We all hear that strong employee engagement is good for your organization, but is it really? Are engagement consultants and workplace improvement organizations just trumping up the value of engagement so they can sell their services to you? Are they telling you how bad your engagement is so they can show you how good their solution is?
Maybe. But how is employee engagement good for your bottom line? Before we consider that, let’s review what employee engagement is.
There are different definitions of engagement, but this is how I currently think of it.
Employee engagement is the competency of being dedicated, committed, and emotionally connected to your work and workplace so you’ll give your best, discretionary effort.
This is the extra effort you can either hold back or put forth. Every day we make decisions whether to give this best effort, and this effort can mean the difference between extraordinary or ordinary, record-breaking or status quo, innovative or average.
In other words, employee engagement may be determining the future of your organization. And if it is, that’s scary because strong engagement doesn’t just happen—it takes time and effort.
Employees don’t fall into motivation and commitment by chance. They don’t just start giving their best effort by default. They don’t connect emotionally to work on a whim. Engagement takes intention on the part of the employee and the organization.
But don’t take my word for it—here are six statistics on why engagement is good for your bottom line. In articles by Quantum Workplaces and Forbes, supported by research from Gallup, organizations with stronger engagement showed the following benefits compared to organizations with weaker engagement:
Engaged employees show up for work more often than lesser engaged employees. This means getting more work done, being part of work teams more often, and contributing in a deeper way. Sure, engaged employees do take time off, but at a lesser rate than lesser engaged employees.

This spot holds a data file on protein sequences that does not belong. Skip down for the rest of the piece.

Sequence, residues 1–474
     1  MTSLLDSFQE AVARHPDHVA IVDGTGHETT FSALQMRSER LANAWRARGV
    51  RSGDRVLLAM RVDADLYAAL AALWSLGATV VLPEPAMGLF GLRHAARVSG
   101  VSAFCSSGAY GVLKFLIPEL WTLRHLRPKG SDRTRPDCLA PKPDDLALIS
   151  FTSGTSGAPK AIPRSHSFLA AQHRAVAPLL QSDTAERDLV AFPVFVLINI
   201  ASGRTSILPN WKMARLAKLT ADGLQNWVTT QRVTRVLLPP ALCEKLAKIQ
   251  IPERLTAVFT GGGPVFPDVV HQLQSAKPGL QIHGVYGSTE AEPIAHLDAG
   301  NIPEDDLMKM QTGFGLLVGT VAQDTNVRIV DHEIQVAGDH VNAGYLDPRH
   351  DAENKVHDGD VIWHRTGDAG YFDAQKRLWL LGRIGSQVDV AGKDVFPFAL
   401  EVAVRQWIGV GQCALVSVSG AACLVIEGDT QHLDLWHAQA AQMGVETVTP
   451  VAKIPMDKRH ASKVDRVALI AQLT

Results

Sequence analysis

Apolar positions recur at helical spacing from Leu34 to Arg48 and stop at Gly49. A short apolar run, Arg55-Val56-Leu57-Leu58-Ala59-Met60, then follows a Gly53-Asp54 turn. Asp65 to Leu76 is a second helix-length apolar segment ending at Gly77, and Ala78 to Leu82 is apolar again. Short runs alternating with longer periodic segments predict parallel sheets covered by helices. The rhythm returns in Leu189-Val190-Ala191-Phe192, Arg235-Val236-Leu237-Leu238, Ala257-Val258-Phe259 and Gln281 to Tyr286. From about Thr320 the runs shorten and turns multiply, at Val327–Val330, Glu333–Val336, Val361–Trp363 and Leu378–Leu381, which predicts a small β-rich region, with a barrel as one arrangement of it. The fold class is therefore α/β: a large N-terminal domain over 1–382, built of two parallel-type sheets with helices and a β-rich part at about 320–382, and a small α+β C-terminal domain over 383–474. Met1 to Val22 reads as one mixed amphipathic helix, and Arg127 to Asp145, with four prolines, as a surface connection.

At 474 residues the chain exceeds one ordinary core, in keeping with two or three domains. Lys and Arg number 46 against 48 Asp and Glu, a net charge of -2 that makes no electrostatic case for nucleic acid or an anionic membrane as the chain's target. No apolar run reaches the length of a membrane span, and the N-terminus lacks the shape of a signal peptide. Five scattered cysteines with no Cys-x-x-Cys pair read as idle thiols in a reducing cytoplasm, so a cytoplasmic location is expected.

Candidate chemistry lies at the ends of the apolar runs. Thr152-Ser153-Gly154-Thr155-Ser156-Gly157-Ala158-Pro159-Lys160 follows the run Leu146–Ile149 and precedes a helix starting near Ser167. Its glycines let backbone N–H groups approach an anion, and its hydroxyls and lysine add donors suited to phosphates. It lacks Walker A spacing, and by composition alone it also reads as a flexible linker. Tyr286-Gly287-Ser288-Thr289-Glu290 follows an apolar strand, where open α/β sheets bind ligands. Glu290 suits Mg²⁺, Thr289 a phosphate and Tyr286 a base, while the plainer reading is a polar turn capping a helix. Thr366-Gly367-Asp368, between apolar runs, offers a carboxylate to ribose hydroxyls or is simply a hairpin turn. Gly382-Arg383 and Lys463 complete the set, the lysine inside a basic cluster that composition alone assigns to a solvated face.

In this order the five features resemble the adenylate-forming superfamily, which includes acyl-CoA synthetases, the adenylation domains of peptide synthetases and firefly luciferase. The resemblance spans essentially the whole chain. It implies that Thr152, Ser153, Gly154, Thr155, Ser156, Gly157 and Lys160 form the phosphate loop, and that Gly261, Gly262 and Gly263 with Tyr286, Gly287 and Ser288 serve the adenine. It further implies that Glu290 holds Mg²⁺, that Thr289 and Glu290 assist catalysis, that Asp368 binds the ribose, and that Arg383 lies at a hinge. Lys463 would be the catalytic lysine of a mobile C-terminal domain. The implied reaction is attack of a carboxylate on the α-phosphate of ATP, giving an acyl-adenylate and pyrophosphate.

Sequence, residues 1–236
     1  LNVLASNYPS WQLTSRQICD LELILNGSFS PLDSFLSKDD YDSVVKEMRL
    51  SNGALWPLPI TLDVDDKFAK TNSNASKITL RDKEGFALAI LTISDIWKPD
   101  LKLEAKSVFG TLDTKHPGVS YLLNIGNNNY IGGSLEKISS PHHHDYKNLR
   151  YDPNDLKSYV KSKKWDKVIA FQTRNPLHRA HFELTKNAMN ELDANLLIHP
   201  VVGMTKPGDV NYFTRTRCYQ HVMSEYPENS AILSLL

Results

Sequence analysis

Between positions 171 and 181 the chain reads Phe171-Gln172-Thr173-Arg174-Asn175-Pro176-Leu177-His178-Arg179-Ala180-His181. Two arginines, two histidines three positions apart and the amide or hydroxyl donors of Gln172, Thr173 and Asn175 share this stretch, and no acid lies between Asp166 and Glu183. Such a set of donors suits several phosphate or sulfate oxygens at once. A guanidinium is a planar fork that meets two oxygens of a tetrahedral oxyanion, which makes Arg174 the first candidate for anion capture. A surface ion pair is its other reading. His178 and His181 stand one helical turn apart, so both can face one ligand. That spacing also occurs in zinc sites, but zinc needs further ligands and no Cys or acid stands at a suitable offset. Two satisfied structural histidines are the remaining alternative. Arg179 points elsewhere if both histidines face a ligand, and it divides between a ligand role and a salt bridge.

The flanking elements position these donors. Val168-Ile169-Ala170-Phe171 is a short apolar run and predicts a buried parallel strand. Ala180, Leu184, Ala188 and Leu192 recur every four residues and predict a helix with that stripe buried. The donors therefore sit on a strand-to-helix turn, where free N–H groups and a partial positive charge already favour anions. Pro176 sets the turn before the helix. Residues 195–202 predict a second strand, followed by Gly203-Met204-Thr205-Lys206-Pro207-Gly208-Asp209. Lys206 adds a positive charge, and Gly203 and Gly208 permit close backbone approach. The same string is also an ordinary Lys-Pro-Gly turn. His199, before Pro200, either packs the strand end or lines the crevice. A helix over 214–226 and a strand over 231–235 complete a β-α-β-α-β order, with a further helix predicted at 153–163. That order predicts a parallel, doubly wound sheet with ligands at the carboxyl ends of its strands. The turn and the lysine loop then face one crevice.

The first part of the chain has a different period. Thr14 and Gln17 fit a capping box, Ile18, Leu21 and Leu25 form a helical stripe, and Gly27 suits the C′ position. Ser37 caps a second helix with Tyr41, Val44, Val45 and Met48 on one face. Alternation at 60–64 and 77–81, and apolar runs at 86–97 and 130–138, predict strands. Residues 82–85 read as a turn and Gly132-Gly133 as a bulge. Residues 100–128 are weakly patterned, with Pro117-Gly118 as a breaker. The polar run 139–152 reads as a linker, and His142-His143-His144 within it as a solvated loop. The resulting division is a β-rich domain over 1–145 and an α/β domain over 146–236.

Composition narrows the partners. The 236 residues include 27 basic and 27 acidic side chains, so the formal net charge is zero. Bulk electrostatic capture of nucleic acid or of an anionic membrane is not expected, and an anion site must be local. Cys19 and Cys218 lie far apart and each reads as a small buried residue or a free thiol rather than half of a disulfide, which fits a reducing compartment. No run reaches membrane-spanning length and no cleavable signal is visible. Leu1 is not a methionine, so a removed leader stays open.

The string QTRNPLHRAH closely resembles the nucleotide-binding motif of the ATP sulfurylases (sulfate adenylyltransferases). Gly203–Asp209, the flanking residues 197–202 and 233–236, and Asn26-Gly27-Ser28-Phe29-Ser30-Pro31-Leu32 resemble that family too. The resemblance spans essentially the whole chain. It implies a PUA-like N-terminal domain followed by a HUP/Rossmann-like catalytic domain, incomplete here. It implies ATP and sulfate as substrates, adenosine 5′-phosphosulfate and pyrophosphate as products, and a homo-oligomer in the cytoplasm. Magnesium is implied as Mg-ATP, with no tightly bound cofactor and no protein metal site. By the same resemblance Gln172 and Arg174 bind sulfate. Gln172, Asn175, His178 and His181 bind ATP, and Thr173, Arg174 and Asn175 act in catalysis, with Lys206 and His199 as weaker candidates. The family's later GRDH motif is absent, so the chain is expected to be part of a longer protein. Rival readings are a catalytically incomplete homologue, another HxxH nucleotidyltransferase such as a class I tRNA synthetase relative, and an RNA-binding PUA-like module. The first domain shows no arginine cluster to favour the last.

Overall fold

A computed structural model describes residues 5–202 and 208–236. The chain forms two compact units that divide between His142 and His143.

Like we said, engaged employees are willing to give their extra effort. This means working longer, harder, and more efficiently than their lesser engaged counterparts. As an organization, you’re going to get more results from more engaged employees.
When employees are motivated and connected, they pay more attention to their work. This results in better quality of product with 40% fewer quality defects. A bad product can ruin your reputation and future sales, but high engagement can save you from quality issues.
Customers spend more money when they have a positive customer service experience. Which type of employee is more likely to provide a positive experience—an engaged one or a disengaged one? You get the point.
Do you know what extra effort, greater productivity, better customer service, and higher quality all equal? Higher sales. Organizations with enhanced engagement sell more compared to their peers. If you want to increase your revenue, it stands to reason to increase your engagement.
Disengaged employees cost $3,400 per $10,000 of salary per year, per employee. For an annual salary of $50,000, that’s about $16,000. For a salary of $60,000, that’s about $20,000 per year. And the cost goes up when the salary goes up.
Now imagine an organization with the U.S. national engagement average according to Gallup, which is 34%. That means 66% disengaged employees. How much is disengagement costing your organization per employee per year if you’re at the national average?
Now that you’ve heard some statistics, you decide. Is strong employee engagement good for your bottom line?
If you’d like to learn more about increasing employee engagement, I’ll be posting an online course soon. Sign up to be notified.